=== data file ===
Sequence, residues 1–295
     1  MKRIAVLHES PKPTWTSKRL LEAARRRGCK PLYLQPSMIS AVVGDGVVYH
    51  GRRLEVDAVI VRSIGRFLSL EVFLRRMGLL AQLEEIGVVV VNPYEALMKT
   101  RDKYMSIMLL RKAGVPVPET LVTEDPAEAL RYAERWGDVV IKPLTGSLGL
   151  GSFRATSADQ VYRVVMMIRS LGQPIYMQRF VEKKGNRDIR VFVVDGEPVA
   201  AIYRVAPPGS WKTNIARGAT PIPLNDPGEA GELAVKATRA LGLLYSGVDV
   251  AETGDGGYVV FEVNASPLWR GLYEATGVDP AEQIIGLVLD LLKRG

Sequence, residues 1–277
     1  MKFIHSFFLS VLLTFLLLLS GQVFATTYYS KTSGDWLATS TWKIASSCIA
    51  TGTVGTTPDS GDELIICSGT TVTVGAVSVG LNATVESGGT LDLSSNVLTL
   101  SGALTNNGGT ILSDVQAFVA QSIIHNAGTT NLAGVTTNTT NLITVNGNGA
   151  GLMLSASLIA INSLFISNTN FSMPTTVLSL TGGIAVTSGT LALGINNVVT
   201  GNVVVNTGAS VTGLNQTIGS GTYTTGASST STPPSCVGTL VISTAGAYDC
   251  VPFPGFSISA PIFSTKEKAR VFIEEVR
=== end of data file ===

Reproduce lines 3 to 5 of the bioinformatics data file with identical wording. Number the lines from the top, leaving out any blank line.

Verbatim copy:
    51  GRRLEVDAVI VRSIGRFLSL EVFLRRMGLL AQLEEIGVVV VNPYEALMKT
   101  RDKYMSIMLL RKAGVPVPET LVTEDPAEAL RYAERWGDVV IKPLTGSLGL
   151  GSFRATSADQ VYRVVMMIRS LGQPIYMQRF VEKKGNRDIR VFVVDGEPVA